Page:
Recently, Pat has swapped her HB pencil and paintbrush for a pair of scissors in what looks set to become the next successful project in her illustrious career.
'It was Emma who persuaded me to use cut paper to create floral art instead of using watercolours after I had designed some flowers for her,' says Pat. 'I guess you could call these 'paintings' 3D in that each petal, the stems and the backgrounds are made from layers of cut paper.'
Pat has designed around eight cut-paper paintings so far and plans to show them for the first time in a private viewing at East Ruston Old Rectory on July 5 – a fitting location considering the gardens have provided an endless source of inspiration for Pat's most recent designs.
'When I told Alan [Alan Gray is one of the owners of the garden at East Ruston] about my new designs he asked me if they are like Mrs Delaney's,' says Pat. 'I didn't have a clue who Mrs Delaney was until I was given a book about her. She produced the most delicate and detailed floral cut paper prints in the 18th century. My designs are not as intricate as hers were – well not yet anyway. I like to think that like my previous works, my designs are quite simple and bring out the natural beauty of the flower.'
As Pat's design technique has changed, her work space has too. Layers upon layers of coloured paper, a pair of scissors and some glue have taken the place of her trusty pencil and sable brush that had become the tools of her 60-year career.
'Everything about designing with paper is a challenge, so you need a lot of patience,' says Pat. 'First of all there is a limit to the colours that are available in the papers that I use, so sometimes I will use other materials found around the house such as a cream envelope if the flower is a different shade to the papers I have. There is a bright pink in some of my designs I call 'Post-It pink'! To get the illusion of light I will use different shades of the same colour. I never use a pencil to sketch the flowers first, I just pick up a piece of paper and use scissors to design the shape, although scissors are not as lenient on your hands as a sable brush.' Despite Pat's expertise in accurately bringing each type of flower to life on the page, there are some that are as exasperating for Pat to design as the buildings she draws for the National Trust.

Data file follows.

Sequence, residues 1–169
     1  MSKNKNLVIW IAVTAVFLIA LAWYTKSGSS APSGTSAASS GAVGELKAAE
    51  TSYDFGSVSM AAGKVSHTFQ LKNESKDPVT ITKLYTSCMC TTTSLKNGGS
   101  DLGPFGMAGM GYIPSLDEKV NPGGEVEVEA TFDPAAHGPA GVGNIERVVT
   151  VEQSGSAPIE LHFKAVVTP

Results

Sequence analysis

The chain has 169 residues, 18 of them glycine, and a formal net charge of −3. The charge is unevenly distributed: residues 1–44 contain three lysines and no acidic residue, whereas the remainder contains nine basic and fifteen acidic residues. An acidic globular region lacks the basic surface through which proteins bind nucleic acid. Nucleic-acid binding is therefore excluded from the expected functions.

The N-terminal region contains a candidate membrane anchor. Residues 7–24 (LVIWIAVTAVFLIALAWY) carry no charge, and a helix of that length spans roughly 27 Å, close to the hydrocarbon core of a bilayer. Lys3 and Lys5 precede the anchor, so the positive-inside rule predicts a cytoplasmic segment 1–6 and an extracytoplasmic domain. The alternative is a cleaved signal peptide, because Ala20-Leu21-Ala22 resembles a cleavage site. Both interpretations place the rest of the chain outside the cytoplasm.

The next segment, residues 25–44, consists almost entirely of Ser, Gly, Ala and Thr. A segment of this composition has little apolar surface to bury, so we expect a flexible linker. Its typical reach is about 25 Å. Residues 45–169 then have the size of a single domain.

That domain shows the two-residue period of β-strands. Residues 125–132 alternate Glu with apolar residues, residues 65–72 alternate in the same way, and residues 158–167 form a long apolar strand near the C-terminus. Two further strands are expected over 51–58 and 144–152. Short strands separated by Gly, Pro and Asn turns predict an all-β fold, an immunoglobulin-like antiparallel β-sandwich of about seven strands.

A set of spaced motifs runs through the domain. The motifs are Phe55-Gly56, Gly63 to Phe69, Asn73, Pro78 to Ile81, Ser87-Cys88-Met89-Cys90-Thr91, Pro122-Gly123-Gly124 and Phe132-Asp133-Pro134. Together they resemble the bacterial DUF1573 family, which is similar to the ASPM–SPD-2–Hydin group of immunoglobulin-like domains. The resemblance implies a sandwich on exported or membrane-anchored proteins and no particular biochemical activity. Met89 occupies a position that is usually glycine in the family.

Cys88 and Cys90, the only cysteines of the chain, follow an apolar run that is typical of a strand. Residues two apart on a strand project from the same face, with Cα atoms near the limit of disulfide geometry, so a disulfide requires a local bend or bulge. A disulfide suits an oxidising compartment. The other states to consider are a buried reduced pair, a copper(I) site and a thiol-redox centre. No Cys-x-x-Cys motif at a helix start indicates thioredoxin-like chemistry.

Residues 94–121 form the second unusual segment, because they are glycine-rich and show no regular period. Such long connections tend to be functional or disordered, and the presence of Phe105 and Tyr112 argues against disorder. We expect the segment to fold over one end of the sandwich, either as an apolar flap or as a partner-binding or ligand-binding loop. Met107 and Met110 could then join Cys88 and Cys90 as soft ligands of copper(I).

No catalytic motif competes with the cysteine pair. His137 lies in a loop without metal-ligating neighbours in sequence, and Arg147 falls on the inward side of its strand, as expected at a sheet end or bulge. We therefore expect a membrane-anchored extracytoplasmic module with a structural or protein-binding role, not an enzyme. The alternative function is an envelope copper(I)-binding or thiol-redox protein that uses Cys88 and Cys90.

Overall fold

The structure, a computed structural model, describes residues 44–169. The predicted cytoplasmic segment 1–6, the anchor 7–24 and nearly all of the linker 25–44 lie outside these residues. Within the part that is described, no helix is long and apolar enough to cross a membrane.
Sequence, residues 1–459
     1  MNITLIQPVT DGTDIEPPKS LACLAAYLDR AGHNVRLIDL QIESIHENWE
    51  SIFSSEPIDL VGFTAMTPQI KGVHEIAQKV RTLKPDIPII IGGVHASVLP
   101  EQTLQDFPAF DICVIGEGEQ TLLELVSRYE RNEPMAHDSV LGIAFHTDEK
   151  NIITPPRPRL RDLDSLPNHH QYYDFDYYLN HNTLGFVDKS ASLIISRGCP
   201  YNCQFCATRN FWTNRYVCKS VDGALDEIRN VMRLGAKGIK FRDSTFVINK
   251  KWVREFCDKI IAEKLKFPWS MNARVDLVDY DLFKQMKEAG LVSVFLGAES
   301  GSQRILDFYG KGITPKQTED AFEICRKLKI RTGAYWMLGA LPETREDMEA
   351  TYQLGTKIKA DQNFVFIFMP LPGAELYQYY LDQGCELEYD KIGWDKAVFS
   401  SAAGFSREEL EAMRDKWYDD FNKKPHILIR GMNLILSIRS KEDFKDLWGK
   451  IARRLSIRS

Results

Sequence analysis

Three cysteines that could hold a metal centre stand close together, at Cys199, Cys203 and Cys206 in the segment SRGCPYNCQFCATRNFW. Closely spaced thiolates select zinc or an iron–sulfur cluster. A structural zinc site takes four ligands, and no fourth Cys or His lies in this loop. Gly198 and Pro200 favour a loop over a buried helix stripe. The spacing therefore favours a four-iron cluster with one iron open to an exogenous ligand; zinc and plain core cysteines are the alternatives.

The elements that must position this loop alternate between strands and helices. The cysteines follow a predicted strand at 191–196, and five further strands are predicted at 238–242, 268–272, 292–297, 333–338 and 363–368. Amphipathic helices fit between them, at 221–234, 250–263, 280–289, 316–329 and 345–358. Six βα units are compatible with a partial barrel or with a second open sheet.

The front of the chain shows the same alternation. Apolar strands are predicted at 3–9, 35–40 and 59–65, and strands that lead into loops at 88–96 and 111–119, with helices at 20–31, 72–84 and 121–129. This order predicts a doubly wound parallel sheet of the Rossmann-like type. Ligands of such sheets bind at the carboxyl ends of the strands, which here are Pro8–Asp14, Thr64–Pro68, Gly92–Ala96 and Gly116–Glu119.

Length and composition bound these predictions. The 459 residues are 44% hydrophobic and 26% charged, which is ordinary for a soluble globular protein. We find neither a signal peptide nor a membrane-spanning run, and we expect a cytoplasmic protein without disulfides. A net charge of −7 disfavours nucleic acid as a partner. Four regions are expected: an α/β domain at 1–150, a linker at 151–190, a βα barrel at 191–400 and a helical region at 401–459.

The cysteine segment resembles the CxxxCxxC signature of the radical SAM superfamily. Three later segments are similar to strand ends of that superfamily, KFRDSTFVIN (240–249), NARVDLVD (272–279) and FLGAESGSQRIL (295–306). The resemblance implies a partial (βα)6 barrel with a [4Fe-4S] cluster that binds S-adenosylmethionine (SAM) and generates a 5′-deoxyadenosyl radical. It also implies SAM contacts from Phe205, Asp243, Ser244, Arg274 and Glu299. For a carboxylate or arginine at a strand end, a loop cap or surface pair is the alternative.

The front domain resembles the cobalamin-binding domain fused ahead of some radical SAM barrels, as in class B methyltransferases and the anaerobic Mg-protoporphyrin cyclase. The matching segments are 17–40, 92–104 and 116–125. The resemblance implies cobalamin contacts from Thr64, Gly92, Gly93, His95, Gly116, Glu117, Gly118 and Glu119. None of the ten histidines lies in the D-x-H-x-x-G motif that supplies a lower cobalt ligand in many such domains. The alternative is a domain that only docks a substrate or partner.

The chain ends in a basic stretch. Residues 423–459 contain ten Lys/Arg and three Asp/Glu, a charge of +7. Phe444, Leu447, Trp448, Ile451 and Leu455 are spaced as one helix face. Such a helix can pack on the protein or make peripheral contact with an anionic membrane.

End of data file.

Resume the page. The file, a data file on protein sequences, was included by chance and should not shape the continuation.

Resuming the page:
'It's the Iris that is causing me problems,' says Pat. 'Every time I try and replicate this beautiful flower using coloured paper it looks so harsh and angry. I've tried so many times I think I will just give up!' Judging by Pat's determination, her past achievements which have seen her rise to any challenge and her expertise with the paintbrush and now a pair of scissors, something tells me that the Iris will be featured in at least one of her new cut paper designs in the not too distant future.
You can see Pat Albeck's cut paper flower pictures at the Old Vicarage in East Ruston from Friday, July 6. The exhibition will be open at the gardens until July 19. For details call 01692 650432.